If you’re on the lookout for a good virtual private network or simply want to learn more about the technology, you’ve probably wondered, “What is a VPN passthrough, and how does it work?”
To answer your question real quick — a VPN passthrough is a feature built into a router that allows for certain VPN traffic to pass through that router.
But, is it necessary to have it on your router to be able to use a VPN?
Do you need to have a special router?
And finally, is a VPN passthrough somehow different from a VPN router, or maybe they are two similar things?
In this article, we are going to elaborate on all of these questions, so let’s dive deeper into details!
What Is A VPN Passthrough
As we’ve already mentioned, a VPN passthrough is a feature that allows VPN traffic to go through your router.
While you don’t need to enable a VPN passthrough if your VPN service relies on an advanced VPN protocol such as OpenVPN, with outdated protocols like PPTP and L2TP, you’ll definitely have to turn this feature on for your router to establish an outbound VPN connection.
Otherwise, your router won’t be able to recognize old protocols sending your VPN traffic, and you won't be able to connect to a VPN.
How Does A VPN Passthrough Work
To understand how a VPN passthrough works, first of all, you need to familiarize yourself with a thing called NAT.
NAT or Network Address Translation is a feature that each router has by default, and it’s the very thing that can block your router from establishing a PPTP/L2TP VPN connection.
But NAT isn’t something bad — in fact, it’s quite the reverse.
What a NAT does is it sits between your network and the Internet, filtering all transmitted traffic to protect you from malware and hackers.
What is more, it also allows devices connected to a specific network to have the same Internet connection and share the same IP address.
However, when it comes to the old VPN protocols, NAT can’t do its job as intended, as those protocols don’t supply the NAT with necessary information about the connections coming from and to your router.
As a result, your router is forced to block any VPN connection you try to establish with the help of the old protocols.
What about the rest of the protocols
If you use protocols other than PPTP, L2TP, you don’t have to worry about turning the technology on.
Those protocols are, for example, OpenVPN and SoftEther, and even SSTP should work fine without a VPN passthrough feature.
However, in some instances, you might need to enable passthrough feature for your router to pass IKEV2 traffic.
Do You Need A VPN Passthrough
Now it’s time for good news.
In the majority of cases, you don’t need to worry about this feature.
Here is why:
1. Modern routers come with it by default
As a rule of thumb, all modern routers have a VPN passthrough already pre-installed.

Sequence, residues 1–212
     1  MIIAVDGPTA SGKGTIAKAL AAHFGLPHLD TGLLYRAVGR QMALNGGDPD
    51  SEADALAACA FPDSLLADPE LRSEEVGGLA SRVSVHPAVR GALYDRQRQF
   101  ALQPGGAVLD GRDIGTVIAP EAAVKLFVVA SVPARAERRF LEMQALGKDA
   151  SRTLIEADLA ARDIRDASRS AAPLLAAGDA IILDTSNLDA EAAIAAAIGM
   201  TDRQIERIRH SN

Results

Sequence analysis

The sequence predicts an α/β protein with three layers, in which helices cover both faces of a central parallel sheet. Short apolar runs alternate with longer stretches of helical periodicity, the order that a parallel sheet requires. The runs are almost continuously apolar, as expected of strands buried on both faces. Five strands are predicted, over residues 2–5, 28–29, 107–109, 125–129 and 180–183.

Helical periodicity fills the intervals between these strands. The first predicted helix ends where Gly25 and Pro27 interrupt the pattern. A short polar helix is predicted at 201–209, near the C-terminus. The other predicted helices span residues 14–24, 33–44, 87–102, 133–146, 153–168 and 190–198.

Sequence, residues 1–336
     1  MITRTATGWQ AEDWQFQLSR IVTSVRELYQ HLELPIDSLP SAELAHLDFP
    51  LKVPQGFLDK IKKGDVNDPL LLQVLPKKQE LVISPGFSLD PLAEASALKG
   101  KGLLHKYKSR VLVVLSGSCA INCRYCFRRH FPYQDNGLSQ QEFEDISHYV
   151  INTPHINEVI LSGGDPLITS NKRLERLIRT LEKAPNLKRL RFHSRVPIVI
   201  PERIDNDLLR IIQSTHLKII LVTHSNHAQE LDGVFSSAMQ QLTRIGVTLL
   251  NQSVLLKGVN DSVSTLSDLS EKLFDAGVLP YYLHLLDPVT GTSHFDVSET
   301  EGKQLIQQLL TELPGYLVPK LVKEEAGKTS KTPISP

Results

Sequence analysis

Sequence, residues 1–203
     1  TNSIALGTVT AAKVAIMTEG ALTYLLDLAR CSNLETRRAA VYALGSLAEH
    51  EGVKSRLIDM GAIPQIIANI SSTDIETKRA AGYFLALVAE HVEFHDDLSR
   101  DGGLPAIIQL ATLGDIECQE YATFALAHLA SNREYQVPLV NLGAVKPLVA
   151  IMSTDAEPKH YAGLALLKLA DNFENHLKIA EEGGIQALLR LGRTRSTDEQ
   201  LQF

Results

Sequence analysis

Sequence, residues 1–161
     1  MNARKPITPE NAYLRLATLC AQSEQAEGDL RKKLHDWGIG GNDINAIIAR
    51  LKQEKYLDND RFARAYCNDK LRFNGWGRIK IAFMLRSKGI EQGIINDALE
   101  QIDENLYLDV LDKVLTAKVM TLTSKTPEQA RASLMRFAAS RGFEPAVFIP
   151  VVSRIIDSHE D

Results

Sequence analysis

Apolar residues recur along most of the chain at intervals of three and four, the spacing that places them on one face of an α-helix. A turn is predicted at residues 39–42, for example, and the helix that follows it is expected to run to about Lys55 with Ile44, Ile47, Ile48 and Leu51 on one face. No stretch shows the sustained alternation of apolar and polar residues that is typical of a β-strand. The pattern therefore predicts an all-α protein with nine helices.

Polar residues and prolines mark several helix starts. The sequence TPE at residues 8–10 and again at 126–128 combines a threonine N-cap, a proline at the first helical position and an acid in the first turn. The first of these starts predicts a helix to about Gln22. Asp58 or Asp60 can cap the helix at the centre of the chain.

So, unless you’re using some really old operating system, everything should be fine.
2. Good VPN providers offer access to advanced protocols
Good VPN providers always offer their customers access to the newest network protocols, which means your router doesn’t need a passthrough feature at all.
However, if you’re using a free VPN provider, your traffic may go through outdated protocols that, by the way, also won’t give you privacy or proper encryption.
3. Only old protocols require VPN Passthrough
Only old protocols require VPN passthrough to work without issues.
Though, here at SwitchVPN, we still provide access to outdated protocols, we now rely on the OpenVPN protocol before everything else to provide our customers with the highest level of privacy, security, and speed.
4. You may need them only if you use an old OS
If you use OSes not older than Windows XP, you still should be able to utilize modern VPN protocols.
It’s only if you have a really old operating system installed that you need to use outdated protocols requiring a VPN passthrough.
How Does A VPN Passthrough Differ From A VPN Router
Due to their name, a VPN passthrough and a VPN router are often perceived as one unifying concept.
But in reality, both of these things are pretty much different.
So, let’s make it clear.
VPN passthrough: It’s a software capability of your router to support the traffic originating from old virtual private network protocols like PPTP or L2TP.
VPN router: It’s a router that already has a VPN client (software) installed on it.
The traffic of any device that accesses the Internet through that particular router will be redirected through a VPN server.
Wrapping Things Up
A VPN passthrough is a feature that allows your router to support the VPN protocols of the past.
In the early days of the web, it was necessary to use this feature since old protocols didn’t work with NAT.
Now, such protocols as PP2P and L2TP are no longer an industry standard, and therefore there is almost no need to use a VPN passthrough.
Also, reliable VPN providers like SwitchVPN offer advanced protocols that seamlessly work with NAT and also offer you better protection and speed.